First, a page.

Near the Trinity site in central New Mexico, there is an empty place in a forgotten canyon. A wash comes down from steep, sandy hills and at the bottom there is an old dry river bed, a tangle of barbed wire and a pile of rubble. It was a house once, a small one, one of the last homesteads parceled out by the Stock Raising Act of 1916. A couple lived there until the late 1940s. Their name was Ratliff.
I drove out to search for that empty place. The first time I looked for it, I could not find it down the narrow dirt roads and among the unfamiliar geography of the canyon. But the second time, armed with an old map from the Atomic Energy Commission, I went slowly, checking the ridges of the canyon walls and the sloping arroyos that carved troughs between them against the undulating lines on a topographic map. And then I found it.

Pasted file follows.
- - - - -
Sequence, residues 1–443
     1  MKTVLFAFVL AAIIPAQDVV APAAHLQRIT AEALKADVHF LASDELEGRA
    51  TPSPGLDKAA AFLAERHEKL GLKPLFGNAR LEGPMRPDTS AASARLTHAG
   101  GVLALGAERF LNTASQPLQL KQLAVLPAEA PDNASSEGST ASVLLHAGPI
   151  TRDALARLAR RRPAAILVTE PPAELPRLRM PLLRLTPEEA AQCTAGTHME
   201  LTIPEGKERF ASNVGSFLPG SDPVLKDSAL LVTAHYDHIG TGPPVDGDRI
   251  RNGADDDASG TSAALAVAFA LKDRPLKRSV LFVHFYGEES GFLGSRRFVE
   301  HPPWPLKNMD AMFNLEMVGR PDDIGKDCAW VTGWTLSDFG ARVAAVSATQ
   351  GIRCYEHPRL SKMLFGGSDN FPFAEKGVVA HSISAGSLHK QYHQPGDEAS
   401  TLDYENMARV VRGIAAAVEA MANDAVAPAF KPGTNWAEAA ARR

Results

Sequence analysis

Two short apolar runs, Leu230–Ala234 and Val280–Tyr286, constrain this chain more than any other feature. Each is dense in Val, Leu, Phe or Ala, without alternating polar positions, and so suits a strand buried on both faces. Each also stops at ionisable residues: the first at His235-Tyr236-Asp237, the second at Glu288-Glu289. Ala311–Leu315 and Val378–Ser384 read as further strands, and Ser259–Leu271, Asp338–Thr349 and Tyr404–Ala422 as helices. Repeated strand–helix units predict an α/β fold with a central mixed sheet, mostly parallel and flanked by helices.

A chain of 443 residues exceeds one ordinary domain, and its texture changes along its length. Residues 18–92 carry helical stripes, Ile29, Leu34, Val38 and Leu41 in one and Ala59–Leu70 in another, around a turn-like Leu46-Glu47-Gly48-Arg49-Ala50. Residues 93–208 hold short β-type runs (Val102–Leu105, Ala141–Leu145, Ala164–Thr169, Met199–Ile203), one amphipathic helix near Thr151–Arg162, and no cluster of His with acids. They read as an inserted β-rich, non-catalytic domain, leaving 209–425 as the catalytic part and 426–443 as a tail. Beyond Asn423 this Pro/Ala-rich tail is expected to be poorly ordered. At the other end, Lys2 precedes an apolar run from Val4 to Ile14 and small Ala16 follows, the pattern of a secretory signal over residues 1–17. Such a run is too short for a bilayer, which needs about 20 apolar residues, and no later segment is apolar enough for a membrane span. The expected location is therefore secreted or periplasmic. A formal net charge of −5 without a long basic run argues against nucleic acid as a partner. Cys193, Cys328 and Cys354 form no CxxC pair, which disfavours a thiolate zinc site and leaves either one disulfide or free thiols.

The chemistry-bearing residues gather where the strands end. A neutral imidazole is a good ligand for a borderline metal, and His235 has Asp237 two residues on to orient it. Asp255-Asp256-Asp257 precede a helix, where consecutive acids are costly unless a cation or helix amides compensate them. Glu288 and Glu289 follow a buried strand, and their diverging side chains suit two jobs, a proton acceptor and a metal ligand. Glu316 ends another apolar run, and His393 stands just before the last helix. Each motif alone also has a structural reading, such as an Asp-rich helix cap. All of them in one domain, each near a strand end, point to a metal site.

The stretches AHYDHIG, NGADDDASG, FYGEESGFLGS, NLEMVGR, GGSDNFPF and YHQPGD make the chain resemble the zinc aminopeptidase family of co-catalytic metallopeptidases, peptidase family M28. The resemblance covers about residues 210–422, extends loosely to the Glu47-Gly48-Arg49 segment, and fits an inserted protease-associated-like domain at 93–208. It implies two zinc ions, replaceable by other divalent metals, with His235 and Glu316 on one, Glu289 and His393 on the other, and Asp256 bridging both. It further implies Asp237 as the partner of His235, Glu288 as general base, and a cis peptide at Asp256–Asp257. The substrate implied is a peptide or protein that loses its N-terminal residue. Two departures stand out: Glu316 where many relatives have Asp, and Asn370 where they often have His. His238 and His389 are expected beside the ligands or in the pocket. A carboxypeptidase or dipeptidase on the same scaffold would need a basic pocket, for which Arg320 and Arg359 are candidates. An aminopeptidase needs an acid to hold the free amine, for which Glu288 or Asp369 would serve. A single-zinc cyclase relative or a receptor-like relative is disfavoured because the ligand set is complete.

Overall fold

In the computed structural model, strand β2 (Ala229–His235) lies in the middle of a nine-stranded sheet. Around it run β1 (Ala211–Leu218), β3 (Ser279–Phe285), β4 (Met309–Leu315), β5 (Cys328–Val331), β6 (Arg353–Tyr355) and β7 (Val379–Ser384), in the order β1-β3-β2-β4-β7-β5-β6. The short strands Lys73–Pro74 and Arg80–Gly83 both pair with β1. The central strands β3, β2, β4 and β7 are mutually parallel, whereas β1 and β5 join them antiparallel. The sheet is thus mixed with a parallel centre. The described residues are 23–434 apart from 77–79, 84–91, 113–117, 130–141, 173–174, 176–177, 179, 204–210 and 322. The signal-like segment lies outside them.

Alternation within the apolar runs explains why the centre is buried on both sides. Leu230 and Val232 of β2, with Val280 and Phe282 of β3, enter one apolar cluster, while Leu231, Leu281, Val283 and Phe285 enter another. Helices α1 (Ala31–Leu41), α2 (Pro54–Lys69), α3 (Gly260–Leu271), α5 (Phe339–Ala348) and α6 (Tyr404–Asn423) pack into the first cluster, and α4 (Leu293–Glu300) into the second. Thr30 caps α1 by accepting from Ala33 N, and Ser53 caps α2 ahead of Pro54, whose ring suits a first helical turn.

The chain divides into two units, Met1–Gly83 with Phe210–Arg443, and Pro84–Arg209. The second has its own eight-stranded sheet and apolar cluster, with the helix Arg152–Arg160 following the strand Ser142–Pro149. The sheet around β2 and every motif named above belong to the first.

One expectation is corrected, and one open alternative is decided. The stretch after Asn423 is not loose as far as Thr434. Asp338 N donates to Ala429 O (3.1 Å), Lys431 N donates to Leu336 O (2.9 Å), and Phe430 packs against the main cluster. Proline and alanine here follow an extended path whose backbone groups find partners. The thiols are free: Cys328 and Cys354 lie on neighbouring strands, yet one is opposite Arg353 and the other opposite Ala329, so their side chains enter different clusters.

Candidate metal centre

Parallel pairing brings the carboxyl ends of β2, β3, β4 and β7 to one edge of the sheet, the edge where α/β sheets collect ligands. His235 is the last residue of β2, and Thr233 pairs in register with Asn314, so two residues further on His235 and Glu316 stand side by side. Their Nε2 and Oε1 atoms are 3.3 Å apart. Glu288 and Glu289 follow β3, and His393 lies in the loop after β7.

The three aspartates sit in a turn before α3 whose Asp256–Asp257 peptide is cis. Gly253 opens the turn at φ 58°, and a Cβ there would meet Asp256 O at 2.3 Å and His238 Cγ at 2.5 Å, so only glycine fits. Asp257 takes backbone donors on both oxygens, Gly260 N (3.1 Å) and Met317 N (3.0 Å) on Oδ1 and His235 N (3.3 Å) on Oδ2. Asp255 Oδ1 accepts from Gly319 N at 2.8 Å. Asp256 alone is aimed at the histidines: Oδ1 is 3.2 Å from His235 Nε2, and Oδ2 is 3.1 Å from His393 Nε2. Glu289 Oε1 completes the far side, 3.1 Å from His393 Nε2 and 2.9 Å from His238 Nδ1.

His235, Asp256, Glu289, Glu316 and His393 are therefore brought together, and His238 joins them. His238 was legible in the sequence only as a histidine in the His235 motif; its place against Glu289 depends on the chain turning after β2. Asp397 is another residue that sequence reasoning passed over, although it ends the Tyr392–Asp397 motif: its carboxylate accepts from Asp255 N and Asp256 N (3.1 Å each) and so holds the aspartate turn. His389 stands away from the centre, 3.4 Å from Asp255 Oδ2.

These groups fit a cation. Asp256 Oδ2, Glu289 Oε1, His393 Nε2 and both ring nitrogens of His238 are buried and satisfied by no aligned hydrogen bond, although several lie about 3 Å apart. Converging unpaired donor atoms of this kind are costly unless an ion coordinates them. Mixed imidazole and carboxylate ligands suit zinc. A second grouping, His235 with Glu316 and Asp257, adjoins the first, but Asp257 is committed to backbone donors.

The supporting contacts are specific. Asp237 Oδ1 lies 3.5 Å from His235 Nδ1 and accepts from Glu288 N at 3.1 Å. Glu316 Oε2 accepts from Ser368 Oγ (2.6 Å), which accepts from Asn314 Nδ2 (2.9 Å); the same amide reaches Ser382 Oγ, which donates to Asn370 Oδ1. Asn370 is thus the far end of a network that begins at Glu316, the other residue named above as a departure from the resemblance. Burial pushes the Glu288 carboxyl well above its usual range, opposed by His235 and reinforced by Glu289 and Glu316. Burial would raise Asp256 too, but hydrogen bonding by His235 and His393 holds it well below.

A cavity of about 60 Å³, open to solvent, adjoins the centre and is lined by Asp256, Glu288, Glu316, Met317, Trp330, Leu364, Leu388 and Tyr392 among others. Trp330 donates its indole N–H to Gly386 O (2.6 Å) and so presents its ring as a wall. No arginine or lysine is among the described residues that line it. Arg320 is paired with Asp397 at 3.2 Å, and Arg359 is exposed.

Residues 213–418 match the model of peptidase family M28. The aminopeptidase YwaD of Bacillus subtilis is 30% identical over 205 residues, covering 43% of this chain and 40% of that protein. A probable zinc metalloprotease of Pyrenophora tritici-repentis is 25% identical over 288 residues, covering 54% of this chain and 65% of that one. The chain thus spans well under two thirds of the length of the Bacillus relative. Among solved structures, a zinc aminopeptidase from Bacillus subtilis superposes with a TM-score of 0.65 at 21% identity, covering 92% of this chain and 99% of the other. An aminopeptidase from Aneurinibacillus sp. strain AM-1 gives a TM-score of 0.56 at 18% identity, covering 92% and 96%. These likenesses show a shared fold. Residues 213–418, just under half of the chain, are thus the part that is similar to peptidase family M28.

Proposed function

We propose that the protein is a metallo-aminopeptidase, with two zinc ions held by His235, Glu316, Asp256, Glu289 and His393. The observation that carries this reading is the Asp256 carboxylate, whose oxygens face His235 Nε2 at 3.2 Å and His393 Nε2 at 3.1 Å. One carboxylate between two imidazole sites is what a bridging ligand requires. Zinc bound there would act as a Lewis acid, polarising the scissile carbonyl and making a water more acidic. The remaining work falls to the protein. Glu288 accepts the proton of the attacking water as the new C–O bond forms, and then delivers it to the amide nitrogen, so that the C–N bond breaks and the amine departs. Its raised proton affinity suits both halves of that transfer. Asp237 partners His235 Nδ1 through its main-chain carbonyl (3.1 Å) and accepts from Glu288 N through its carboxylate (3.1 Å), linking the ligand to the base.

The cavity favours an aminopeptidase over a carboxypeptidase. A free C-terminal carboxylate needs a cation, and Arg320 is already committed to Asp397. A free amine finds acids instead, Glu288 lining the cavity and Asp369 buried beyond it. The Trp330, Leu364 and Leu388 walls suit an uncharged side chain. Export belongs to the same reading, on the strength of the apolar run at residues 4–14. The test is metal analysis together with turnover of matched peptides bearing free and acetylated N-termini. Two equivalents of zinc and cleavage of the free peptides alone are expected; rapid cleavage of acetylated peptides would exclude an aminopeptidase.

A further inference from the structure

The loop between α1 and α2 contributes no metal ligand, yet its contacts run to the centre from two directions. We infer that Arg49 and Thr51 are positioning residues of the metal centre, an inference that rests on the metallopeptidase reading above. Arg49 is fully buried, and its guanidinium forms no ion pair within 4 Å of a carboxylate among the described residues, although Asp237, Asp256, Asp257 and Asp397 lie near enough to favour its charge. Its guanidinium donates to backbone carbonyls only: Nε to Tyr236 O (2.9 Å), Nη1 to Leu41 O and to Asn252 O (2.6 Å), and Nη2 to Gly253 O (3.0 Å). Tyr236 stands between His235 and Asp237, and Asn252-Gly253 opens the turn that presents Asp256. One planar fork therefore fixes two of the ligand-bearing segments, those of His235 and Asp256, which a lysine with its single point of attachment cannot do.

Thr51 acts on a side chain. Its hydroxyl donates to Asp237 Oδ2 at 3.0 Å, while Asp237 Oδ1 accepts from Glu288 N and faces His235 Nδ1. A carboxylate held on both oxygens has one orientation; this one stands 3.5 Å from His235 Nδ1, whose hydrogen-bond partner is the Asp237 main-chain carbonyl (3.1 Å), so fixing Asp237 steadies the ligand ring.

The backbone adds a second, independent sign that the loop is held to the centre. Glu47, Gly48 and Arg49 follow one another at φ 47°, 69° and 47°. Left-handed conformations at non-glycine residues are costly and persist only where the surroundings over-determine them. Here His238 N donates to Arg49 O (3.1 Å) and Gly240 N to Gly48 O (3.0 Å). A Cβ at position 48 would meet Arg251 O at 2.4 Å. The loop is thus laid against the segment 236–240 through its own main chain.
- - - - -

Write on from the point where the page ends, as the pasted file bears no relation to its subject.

I walked among the rubble, shifting stones from a collapsed wall, poking among the litter on the earth. There was broken glass, rusted motor oil cans, half of a door: the remains of lives disappearing into the desert.
I came here to explore an absence. As I enter middle age, I find that there are many absences in my life. People who are gone. Places that, once important, have changed to mean nothing to me. A forest in Houston, mowed down and filled with houses; friends who disappeared from my life; a sister that I do not speak to; my father, who died in bed on a Friday morning in April. Holes in the fabric of my understanding of the world.
These absences ache, and the world is full of them, for everyone. We hurtle along the knife-edge of the present above an endless chasm of all that is no more. I want to believe that the things and people that are gone meant something.
The absences in thi